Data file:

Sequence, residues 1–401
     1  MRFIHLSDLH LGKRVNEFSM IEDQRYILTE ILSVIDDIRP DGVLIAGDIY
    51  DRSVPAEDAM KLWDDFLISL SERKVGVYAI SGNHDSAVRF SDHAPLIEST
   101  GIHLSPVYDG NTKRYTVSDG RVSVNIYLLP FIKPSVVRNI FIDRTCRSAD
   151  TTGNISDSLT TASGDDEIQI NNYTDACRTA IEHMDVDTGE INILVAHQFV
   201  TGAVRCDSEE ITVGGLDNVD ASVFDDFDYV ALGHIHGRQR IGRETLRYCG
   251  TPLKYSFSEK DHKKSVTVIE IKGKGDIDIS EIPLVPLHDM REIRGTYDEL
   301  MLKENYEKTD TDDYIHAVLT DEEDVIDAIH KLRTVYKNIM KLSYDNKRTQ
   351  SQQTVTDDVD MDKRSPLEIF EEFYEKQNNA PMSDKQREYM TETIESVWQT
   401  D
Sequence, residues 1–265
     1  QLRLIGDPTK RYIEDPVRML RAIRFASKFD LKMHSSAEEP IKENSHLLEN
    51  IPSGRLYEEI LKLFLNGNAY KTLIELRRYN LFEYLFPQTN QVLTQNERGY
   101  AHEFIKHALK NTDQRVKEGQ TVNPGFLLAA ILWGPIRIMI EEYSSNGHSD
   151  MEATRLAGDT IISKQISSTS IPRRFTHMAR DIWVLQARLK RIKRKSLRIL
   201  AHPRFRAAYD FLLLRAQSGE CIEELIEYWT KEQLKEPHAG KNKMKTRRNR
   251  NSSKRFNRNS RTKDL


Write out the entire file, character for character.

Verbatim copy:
Sequence, residues 1–401
     1  MRFIHLSDLH LGKRVNEFSM IEDQRYILTE ILSVIDDIRP DGVLIAGDIY
    51  DRSVPAEDAM KLWDDFLISL SERKVGVYAI SGNHDSAVRF SDHAPLIEST
   101  GIHLSPVYDG NTKRYTVSDG RVSVNIYLLP FIKPSVVRNI FIDRTCRSAD
   151  TTGNISDSLT TASGDDEIQI NNYTDACRTA IEHMDVDTGE INILVAHQFV
   201  TGAVRCDSEE ITVGGLDNVD ASVFDDFDYV ALGHIHGRQR IGRETLRYCG
   251  TPLKYSFSEK DHKKSVTVIE IKGKGDIDIS EIPLVPLHDM REIRGTYDEL
   301  MLKENYEKTD TDDYIHAVLT DEEDVIDAIH KLRTVYKNIM KLSYDNKRTQ
   351  SQQTVTDDVD MDKRSPLEIF EEFYEKQNNA PMSDKQREYM TETIESVWQT
   401  D
Sequence, residues 1–265
     1  QLRLIGDPTK RYIEDPVRML RAIRFASKFD LKMHSSAEEP IKENSHLLEN
    51  IPSGRLYEEI LKLFLNGNAY KTLIELRRYN LFEYLFPQTN QVLTQNERGY
   101  AHEFIKHALK NTDQRVKEGQ TVNPGFLLAA ILWGPIRIMI EEYSSNGHSD
   151  MEATRLAGDT IISKQISSTS IPRRFTHMAR DIWVLQARLK RIKRKSLRIL
   201  AHPRFRAAYD FLLLRAQSGE CIEELIEYWT KEQLKEPHAG KNKMKTRRNR
   251  NSSKRFNRNS RTKDL